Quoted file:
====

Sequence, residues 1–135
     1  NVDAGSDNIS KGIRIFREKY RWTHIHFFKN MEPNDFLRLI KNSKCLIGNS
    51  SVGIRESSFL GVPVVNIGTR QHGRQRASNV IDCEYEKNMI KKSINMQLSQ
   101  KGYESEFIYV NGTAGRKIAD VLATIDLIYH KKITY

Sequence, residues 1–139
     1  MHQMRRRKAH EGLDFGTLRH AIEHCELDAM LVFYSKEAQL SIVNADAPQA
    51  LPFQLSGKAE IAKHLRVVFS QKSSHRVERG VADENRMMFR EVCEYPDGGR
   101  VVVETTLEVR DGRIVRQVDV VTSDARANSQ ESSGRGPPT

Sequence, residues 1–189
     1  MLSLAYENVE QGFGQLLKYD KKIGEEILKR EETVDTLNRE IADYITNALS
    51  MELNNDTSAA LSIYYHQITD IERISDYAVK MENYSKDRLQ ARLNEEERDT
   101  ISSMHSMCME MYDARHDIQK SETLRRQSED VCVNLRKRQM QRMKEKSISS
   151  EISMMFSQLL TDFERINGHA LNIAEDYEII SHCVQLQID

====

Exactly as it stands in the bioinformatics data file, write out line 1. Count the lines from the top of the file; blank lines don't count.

Sequence, residues 1–135